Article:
Custom Image Filters in iOS


I was recently working on applying some filters to a UIImage. While going through the documentation of Core Image, I found that there are 115 pre-defined filters made available to us by Apple and one of them did exactly what I wanted. But, while reading further I found that you can also create your own custom filters!

A little bit about Core Image

Core Image is Apple’s image processing framework which uses GPU and CPU to perform computation and hide the “behind the scenes” from the developer using this framework. This is an amazing framework which makes image processing extremely easy. With 115 filters available at your disposal and the ability to chain multiple filter unfolds a gamut of options in front of the developer.

Let’s try to solve a problem!

For creating a simple filter, we will solve a simple problem. You may have seen this optical illusion before:

The idea is that if you look at this image from a moderate distance, you will see black dots at the intersections. Looking at the image hurts my brain. But, do not worry as shortly we will be uncovering the truth behind this brain-hurting devil imposter!

What if we rip it off its treacherous black dots by trapping them in a filter!

Recipe for the blackDotTrapFilter

  • An input image in the form of a CIImage
  • A kernel function

Steps for creating our blackDotTrapFilter

Create a CIFilter subclass

The interface at the minimum declares the inputImage property. It is important that we name it “inputImage” because it gets mapped with the input key, kCIInputImageKey.

#import <CoreImage/CoreImage.h>

@interface BlackDotTrapFilter : CIFilter

@property(nonatomic, retain) CIImage *inputImage;


Implement the kernel and apply it on the inputImage

  • A kernel is a representation of computation in code which is performed per-pixel. The Core Image framework uses a subset of GLSL to represent kernel.
  • outputImage is a property of the CIFilter class and we implement its getter method in our implementation wherein we apply the kernel method to the input image.

The implementation of the BlackDotTrapFilter is as follows:

#import "BlackDotTrapFilter.h"

@implementation BlackDotTrapFilter

static CIColorKernel *kernel = nil;
static dispatch_once_t onceToken;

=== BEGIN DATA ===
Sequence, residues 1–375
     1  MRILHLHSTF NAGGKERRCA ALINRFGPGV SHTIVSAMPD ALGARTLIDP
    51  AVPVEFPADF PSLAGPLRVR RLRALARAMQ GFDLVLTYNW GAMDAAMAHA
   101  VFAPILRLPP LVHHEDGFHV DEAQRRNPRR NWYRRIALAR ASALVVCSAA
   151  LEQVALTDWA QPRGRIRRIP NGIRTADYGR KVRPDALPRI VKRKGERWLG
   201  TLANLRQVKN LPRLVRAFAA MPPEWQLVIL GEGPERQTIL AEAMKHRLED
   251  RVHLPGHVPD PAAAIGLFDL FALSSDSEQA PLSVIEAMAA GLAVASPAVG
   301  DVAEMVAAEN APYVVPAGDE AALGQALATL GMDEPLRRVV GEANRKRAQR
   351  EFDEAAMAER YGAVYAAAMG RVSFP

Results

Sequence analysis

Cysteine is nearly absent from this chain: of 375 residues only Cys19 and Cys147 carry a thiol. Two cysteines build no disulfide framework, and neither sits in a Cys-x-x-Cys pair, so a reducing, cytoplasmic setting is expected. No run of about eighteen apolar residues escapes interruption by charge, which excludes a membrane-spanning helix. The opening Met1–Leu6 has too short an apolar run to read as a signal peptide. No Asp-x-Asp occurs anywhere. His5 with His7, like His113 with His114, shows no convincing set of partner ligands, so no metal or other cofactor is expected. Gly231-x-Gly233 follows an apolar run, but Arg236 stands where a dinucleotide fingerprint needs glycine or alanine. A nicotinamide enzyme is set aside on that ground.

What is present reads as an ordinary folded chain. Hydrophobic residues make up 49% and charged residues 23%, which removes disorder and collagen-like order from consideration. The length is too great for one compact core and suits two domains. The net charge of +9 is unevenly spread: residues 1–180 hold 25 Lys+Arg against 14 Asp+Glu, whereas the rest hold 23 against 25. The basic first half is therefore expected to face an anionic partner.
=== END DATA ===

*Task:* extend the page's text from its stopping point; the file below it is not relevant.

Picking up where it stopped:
dispatch_once(&onceToken, ^{
kernel = [CIColorKernel kernelWithString:
@"kernel vec4 CustomFilter1 ( __sample s ) \
\n { \n if ( s.r + s.g + s.b < 0.1 ) \n \
{ return s.rgba = vec4(1.0, 1.0, 0.0, 1.0); } \
\n else \n { return s.rgba; } \n }"];

return kernel;

return [[self kernel] applyWithExtent:_inputImage.extent


What’s going on in the kernel?

The kernel function is essentially this:

kernel vec4 BlackDotTrapFilter ( __sample s )
if ( s.r + s.g + s.b < 0.1 )
return s.rgba = vec4(1.0, 1.0, 0.0, 1.0);
return s.rgba;

We pass in the value for the first and the only parameter(you can have more parameters) of the kernel through the arguments parameter of the method: – applyWithExtent:arguments: on CIColorKernel.

We can roughly say that if the sum of the red, blue and green values of a pixel is less than 0.1, then, that pixel must be of black color. And, this will help us determine if there really are black dots in the image. So, if a pixel is computed to be black, we return a yellow pixel(vec4(1.0, 1.0, 0.0, 1.0)) back or else we simply return the same pixel back.

Ok. Now, we have created our own trap filter. Let’s now subject the culprit image to this trap.

CIFilter *filter = [CIFilter filterWithName:@"BlackDotTrapFilter"];
CIImage *hocusPocus = [[CIImage alloc] initWithImage:
[UIImage imageNamed:@"spotTheBlackDot"]];
[filter setValue:hocusPocus forKey:kCIInputImageKey];
UIImageWriteToSavedPhotosAlbum(_realImageView.image, nil, nil, nil);

And, here’s the image after applying our custom filter!

We see that there weren’t any black dots really and we have proved it now by using our custom filter!

Yay! We have solved the case!

You can find the example code here.